We presently use two deck ovens to make our thin and deep-dish pizzas, but we are contemplating changing over to using conveyor ovens for their increased production capacity. Will we need to have dedicated ovens for each type (thin and deep-dish) of pizza?
When you say conveyor, I’m going to assume that you mean air impingement ovens.
If you are planning to buy any of the new, high-efficiency air impingement ovens, there is a possibility that you will not need to have dedicated ovens for each of your two pizza types. I’ve personally evaluated all but one of the new generation ovens, and have found –– to my amazement –– that they do a fine job of baking both thin and thick (deep-dish) pizzas side by side in the same oven, at the same time and temperature, using the same finger profile. However, since there are so many different dough formulations, pans, topping concepts, etc., I cannot say for sure that the oven of your choice will bake both of your pizza types side by side, but I do know that the same top and bottom finger profile will work for both, so at the very worst, a split conveyor, allowing for two different baking times, simultaneously, in the same oven chamber should do the trick. To be sure, I would highly encourage you to contact the oven company you’re interested in and ask them if you can test bake your dough/ pizzas in their oven at their test facility. It is a small expense for the security of knowing that your new ovens will indeed be set-up and profiled correctly for your product, and perform as expected right from the start. I just assisted with a start-up of a new, triple deck oven at Kansas State University. We did the homework, and the ovens performed flawlessly from the start.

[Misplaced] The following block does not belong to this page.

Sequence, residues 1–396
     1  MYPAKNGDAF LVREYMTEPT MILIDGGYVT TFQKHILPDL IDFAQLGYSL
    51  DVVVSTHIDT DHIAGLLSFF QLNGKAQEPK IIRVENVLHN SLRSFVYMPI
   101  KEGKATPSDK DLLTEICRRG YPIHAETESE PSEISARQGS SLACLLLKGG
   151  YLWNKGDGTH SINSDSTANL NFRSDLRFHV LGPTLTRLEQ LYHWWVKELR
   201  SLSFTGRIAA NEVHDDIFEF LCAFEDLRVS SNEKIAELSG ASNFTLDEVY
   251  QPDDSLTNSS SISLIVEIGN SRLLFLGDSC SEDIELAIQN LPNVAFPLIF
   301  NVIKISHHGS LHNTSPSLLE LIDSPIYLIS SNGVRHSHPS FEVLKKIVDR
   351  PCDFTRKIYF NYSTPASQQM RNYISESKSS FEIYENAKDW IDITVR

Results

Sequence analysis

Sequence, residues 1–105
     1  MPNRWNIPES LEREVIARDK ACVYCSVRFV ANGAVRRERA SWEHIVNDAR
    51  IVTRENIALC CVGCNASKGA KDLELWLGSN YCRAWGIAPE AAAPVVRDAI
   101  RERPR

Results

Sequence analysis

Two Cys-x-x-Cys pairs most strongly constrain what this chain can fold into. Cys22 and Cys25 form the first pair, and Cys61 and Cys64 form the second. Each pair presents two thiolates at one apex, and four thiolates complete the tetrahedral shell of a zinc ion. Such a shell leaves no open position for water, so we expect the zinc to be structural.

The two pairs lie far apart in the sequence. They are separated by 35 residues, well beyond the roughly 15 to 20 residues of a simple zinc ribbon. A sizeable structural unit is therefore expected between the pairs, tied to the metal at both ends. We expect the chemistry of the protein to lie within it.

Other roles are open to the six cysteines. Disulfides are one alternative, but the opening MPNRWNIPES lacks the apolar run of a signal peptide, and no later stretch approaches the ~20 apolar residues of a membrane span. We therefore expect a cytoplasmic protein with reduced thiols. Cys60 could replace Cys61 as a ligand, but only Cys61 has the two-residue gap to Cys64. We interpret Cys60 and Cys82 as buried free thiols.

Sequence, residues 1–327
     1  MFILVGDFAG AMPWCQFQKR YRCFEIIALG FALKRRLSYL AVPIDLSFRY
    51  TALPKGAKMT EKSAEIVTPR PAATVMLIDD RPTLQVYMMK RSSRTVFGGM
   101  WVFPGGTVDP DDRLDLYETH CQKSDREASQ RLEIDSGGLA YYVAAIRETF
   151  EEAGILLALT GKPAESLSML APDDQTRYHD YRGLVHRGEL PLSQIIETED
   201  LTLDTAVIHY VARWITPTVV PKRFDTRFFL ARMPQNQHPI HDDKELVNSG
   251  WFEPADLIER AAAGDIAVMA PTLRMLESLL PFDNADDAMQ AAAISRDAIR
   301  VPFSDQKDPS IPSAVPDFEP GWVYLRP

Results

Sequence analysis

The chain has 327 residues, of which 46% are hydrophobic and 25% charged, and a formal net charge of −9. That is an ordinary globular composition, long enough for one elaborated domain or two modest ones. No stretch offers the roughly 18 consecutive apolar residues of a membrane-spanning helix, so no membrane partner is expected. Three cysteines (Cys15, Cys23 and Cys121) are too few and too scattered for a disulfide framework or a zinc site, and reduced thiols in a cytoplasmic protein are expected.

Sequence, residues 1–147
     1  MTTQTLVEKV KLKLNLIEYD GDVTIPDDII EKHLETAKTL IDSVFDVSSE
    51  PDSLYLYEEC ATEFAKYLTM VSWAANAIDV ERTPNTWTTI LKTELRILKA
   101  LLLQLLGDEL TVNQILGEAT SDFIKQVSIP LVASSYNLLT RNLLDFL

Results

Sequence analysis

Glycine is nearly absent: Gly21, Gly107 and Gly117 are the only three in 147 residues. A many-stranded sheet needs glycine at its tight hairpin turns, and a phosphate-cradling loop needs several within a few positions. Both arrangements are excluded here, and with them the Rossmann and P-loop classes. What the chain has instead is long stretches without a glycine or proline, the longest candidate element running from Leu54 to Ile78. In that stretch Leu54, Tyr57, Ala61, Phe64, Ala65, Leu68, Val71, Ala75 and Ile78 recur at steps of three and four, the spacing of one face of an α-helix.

If, by chance, you are planning to buy older ovens, used or refurbished, you’re probably going to need to go the dedicated deck route, with one oven dedicated to each type of pizza. This is due to the fact that in most cases, the deep-dish pizzas will need to be baked at a different time and temperature than the thin crust pizzas.
A couple of things that you should be aware of: When I did the evaluation of the new ovens, I used the deep-dish pans (dark, anodized finish) and cloud patterned baking disks for all of the testing. So if you encounter problems in baking both pizza types side by side, you might want to give these a try to see if it works for you. Also, I would highly recommend that you consider getting at least one, if not both, ovens set up with a split conveyor configuration. This will allow you much greater flexibility for baking other products along with your pizzas (such as breadsticks, wings, or calzones.) ?
Tom Lehmann is a director at the American Institute of Baking in Manhattan, Kansas.